from The American Heritage® Dictionary of the English Language, 4th Edition
- n. A high-altitude cloud composed of narrow bands or patches of thin, generally white, fleecy parts.
- n. Biology A tendril or similar part.
- n. Biology A slender flexible appendage, such as the fused cilia of certain protozoans.
from Wiktionary, Creative Commons Attribution/Share-Alike License
- n. A tendril.
- n. A thin tendril-like appendage.
- n. A principal high-level cloud type characterised by white, delicate filaments or wisps, of white (or mostly white) patches, or of narrow bands, found at an altitude of above 7000 metres.
from the GNU version of the Collaborative International Dictionary of English
- n. A tendril or clasper.
- n. A soft tactile appendage of the mantle of many Mollusca, and of the parapodia of Annelida. Those near the head of annelids are Tentacular cirri; those of the last segment are caudal cirri.
- n. The jointed, leglike organs of Cirripedia. See Annelida, and Polychæta.
- n. The external male organ of trematodes and some other worms, and of certain Mollusca.
- n. See under Cloud.
from The Century Dictionary and Cyclopedia
- n. In botany, a tendril; a long thread-like organ by which certain plants climb.
- n. In zoology: In Cirripedia, one of the curved multiarticulate filaments alternately protruded and retracted with a sweeping motion from the shell or carapace of a cirriped, as an acorn-shell (Balanus) or barnacle (Lepas).
- n. In Crinoidea, one of the branched filaments given off from the joints of the stem. See cut under Crinoidea.
- n. In conchology, one of the cirrose branchiæ of the Cirribranchiata or tooth-shells.
- n. In ichthyology: One of the cirrose filaments surrounding the mouth of a lancelet. A barbel in sundry fishes.
- n. In ornithology, a tuft of curly plumes on the head.
- n. In Vermes, the protrusible cirrose terminal portion of the vas deferens of a trematoid or cestoid worm; a kind of penis.
- n. One of the filamentous appendages of the parapodia in chætopodous annelids, which may be larger than the parapodia, or even replace them when atrophied.
- n. In entomology, a tuft of curled hairs such as are often seen on the legs and antennæ of insects.
- n. Some other cirrose part or organ, as the long flattened modification of ordinary cilia upon the peristomial region of many ciliate Infusoria.
- n. [capitalized] A genus of mollusks.
- n. A light fleecy cloud, formed at a great height in the atmosphere. See cloud, 1. Also called curlcloud. Often abbreviated c.
- n. One of the solid contractile tentacle-like organs on the margin of the me- dusoid of Hydromedusæ. Each cirrus is shorter than the tentacles, is provided with a terminal battery of cnidoblasts, and is perhaps an organ of offense or of defense.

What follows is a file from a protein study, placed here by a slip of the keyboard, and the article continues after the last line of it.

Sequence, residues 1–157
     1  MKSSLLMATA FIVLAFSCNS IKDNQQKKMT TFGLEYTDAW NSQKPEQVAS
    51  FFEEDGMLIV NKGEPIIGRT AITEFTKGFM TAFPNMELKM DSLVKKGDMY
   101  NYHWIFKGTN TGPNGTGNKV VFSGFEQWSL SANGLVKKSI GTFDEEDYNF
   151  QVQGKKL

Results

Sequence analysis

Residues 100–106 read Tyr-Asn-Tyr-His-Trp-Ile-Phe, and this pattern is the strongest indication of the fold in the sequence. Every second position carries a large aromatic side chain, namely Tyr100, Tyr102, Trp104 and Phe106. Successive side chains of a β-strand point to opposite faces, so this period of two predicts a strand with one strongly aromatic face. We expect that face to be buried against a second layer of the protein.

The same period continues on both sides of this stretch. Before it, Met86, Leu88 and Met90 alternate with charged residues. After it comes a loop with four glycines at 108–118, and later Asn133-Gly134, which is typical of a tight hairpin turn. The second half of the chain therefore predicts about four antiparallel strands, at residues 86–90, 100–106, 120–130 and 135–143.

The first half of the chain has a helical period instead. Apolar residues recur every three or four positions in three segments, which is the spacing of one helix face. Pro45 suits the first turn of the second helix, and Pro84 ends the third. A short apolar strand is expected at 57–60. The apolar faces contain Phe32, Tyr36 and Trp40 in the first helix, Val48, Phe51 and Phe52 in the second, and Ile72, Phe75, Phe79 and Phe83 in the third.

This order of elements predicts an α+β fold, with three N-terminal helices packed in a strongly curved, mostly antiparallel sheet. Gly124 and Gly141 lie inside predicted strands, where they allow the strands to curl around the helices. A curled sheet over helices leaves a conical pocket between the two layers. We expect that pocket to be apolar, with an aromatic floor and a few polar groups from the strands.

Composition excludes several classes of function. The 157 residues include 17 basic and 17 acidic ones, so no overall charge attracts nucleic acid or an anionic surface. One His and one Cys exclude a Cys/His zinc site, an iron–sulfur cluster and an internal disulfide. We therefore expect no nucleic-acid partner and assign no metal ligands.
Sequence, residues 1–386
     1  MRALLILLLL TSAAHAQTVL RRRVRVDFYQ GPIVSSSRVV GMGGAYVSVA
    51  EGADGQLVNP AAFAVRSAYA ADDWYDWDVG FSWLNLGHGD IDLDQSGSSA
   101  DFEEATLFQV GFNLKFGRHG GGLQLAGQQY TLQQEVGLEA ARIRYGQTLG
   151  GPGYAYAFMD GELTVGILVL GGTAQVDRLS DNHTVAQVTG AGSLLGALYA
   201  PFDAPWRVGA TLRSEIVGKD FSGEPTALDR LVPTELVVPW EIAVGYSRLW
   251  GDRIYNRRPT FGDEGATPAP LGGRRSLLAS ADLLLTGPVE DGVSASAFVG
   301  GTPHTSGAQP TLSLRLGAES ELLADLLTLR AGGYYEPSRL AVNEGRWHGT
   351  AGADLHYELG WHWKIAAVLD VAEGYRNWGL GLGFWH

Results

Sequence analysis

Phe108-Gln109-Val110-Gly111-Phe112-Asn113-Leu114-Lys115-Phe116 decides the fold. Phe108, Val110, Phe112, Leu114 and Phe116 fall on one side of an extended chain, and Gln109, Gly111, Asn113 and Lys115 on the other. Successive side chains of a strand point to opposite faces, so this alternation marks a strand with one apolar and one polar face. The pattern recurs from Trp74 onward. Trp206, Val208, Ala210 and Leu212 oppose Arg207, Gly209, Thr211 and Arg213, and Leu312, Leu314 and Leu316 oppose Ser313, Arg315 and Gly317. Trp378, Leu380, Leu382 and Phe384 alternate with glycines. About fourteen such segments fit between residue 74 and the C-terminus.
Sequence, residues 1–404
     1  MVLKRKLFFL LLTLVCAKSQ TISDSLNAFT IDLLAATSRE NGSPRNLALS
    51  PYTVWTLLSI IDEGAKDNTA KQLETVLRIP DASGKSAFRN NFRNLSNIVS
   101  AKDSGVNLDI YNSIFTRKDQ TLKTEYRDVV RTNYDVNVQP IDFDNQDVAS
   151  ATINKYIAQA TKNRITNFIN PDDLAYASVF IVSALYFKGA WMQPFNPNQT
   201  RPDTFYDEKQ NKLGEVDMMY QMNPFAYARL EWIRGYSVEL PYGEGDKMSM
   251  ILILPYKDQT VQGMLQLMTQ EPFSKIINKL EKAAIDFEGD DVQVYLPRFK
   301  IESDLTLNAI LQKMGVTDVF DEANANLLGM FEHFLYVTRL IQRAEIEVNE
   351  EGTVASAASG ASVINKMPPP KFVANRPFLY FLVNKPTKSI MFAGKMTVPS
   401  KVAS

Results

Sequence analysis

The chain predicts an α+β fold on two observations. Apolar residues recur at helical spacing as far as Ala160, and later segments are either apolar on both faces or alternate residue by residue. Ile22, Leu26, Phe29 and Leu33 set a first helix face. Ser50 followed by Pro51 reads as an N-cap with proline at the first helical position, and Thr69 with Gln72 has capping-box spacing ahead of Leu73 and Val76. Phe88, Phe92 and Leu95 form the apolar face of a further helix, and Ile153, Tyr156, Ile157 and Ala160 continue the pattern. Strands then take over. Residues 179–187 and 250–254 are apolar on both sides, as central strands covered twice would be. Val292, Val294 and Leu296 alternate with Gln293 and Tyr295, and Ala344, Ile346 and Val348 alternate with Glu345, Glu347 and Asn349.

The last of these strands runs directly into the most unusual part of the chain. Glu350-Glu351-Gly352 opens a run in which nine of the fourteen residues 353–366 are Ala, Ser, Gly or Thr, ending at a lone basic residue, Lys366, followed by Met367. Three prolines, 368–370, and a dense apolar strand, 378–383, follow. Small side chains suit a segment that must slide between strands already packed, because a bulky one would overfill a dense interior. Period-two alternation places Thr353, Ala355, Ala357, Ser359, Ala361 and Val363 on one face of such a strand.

from WordNet 3.0 Copyright 2006 by Princeton University. All rights reserved.
- n. a wispy white cloud (usually of fine ice crystals) at a high altitude (4 to 8 miles)
- n. usually coiled
- n. a slender flexible animal appendage as on barnacles or crinoids or many insects; often tactile
We were holding formation real well in cirrus clouds when the division leader "chickened out" just north of Hamburg and gave the recall.
Flying formation in cirrus clouds isn't bad except that propeller turbulence condenses the moisture-laden air into thick cumulus type clouds with extremely low visibility.
"cirrus," and that a cirrus is the subject of a chapter to itself.
Natural cirrus clouds, (not the spread out chemical clouds that NASA has dubbed as "cirrus") form at a minimum altitude of ABOVE 4.7 miles high.
The denser parts are called molecular clouds while the more diffuse parts are 'cirrus'.
We believe they painted what they and we see, at least so much as suited their pictures -- but as they were not, generally speaking, exclusively sky-painters, but painters of subjects to which the skies were subordinate, they may be fairly held excused for this their lack of ballooning after the "cirrus;" and we thank them that they were not "glare-seekers," "threading" their way, with it before them, "among the then transparent clouds, while all around the sun is unshadowed fire."
The satellite presentation of Matthew is impressive at this early stage, with a spiral-shaped appearance in both the lower clouds and the high-altitude cirrus outflow.
The sky seems fine; flat cirrus wisps in the sun's face as it rises with me.
These towers carry hot moist air through the high layer of cirrus clouds that form above a hurricane.
They get a very clear view, plus very detailed measurements, with their radars onboard, of these hot towers that will pop up though this thick cirrus shield of clouds.
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